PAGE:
Just Another Day In Paradise

Grade : D
Reviewed by Ellen Micheletti
Grade : D
Book type : Series Romance
Sensuality : Warm
Review Date : April 3, 2002
Published On : 2002/04

What happened? I always look forward to Justine Davis’s series romances and was eagerly anticipating this one. She is one of the authors whose entire series catalog I have glommed. Her Trinity Street West mini-series is one that I keep in my conversion kit. Several of her single titles, including Lord of the Storm, are also on my keeper shelf. So I bought Another Day In Paradise, read it and a couple of hours later, I closed it with a sinking feeling.
Of all the series romance writers, Justine Davis is one who writes with real sensuality. Anyone can write a scene where characters connect body parts, but the ability to write scenes that convey real desire, real passion and overwhelming love, and to do it with no silly purple patches, is rare. When Justine Davis is at her best, the sense of connection between her characters is strong and tangible. That is not the case here. There is one tepid love scene and the sexual tension between heroine Paige Cooper and hero Noah Rider is cool to the point of being almost cold.

Paige Cooper is a teacher at a resort owned by Redstone properties. Several years ago, her workaholic, indifferent husband had been on a plane highjacked and crashed by terrorists. The company he worked for had recently been taken over by Redstone; they sent Rider to help Paige out. She had thrown herself into his arms in grief and they had shared one passionate kiss that left them shaken and guilty. (To add to the confusion, everyone calls Noah “Rider” but the heroine.)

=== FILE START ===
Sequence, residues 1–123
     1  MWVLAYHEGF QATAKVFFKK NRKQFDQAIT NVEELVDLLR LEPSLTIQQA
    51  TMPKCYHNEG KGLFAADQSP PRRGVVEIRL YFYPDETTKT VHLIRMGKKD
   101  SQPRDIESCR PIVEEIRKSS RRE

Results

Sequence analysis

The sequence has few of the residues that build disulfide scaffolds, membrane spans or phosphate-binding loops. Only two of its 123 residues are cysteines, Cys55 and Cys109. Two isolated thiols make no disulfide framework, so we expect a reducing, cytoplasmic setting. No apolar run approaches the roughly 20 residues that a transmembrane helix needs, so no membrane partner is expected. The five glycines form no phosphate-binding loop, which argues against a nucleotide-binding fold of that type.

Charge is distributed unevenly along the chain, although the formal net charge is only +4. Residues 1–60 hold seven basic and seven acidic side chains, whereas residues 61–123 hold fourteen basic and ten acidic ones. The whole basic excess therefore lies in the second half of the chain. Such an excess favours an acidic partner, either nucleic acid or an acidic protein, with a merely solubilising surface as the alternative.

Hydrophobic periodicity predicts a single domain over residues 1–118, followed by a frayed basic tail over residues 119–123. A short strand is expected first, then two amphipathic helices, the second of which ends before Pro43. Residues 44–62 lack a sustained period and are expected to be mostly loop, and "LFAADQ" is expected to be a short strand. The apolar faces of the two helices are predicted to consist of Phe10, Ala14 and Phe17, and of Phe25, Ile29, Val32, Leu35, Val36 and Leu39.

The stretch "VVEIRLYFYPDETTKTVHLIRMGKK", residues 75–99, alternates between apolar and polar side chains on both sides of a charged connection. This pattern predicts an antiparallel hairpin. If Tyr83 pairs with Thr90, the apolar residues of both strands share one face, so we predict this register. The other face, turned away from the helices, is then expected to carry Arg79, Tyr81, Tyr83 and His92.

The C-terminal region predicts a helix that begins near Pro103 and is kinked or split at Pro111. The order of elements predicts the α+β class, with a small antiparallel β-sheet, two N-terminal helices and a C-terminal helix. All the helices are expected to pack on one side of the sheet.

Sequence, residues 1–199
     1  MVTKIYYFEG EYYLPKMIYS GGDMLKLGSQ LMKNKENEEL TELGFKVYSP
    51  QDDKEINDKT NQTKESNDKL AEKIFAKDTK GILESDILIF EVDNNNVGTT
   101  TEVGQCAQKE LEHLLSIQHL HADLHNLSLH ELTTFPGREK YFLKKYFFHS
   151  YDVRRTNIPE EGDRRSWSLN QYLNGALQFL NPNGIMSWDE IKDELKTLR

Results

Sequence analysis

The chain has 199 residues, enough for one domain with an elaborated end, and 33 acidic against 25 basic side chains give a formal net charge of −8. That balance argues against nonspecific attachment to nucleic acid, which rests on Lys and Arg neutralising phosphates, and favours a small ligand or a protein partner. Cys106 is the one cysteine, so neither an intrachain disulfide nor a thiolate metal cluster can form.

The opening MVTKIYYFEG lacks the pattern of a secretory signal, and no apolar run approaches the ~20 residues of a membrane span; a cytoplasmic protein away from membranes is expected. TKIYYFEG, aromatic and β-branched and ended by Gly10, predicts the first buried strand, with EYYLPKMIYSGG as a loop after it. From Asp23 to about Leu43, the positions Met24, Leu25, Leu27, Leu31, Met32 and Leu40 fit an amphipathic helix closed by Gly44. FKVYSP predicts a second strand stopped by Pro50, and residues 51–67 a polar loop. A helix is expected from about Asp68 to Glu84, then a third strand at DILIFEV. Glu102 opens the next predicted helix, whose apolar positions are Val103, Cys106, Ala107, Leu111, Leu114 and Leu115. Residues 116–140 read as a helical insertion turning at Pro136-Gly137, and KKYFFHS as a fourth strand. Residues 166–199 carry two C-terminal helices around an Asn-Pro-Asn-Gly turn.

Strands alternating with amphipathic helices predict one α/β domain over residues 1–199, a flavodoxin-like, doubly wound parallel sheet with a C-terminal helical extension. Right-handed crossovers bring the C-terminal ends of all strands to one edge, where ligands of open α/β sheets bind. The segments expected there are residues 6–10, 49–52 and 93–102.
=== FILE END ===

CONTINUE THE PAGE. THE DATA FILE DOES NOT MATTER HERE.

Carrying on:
When Paige decides to get out of Los Angeles to get her son away from bad influences, Redstone offers her a job at one of their resorts. The resort, named Paradise, is about to open, and Rider is finalizing its operating procedures. He and Paige reconnect. The guilt is still there, but so is the attraction and they begin to spend some time with each other. One day when he is at the school watching Paige teach a class, a group of terrorists take over the resort and hold Paige, Noah and all the children hostage.

I love action plots and this book has a potentially exciting one. But the terrorists in this book were the biggest bunch of doofuses I have come across in a long time. Rider manages to sneak off and cripple the electrical system, Paige’s son manages to steal a gun out of one of the terrorist’s duffel bags, and finally Rider and Paige smuggle all the children off to a conveniently hidden cave where their parents come and get them. Paige herself is supposed to be a brave woman, and her reaction to being taken hostage is not whimpering terror but anger. Good for her. Yet she does one of the most idiotic things I have ever seen. To keep the children quiet, she goes on with the class and gives them a lesson on terrorism, managing to insult the man with the gun trained on the children. Bravery is admirable, but she put many innocent lives at risk.

Do me a favor, and go get a copy of Stevie’s Chase and read its love scene. Okay – wasn’t that intense, sensual and everything a love scene should be? Now read the love scene in Just Another Day in Paradise. Okay – wasn’t that perfunctory and bland? To add to the problems with this book, it has the most hideous cover I have seen this year. The man on it looks like an orange alien with a sickly caterpillar on his lip. Oh, the title is good, but still, I’m wondering – what happened to the book?

Ellen Micheletti

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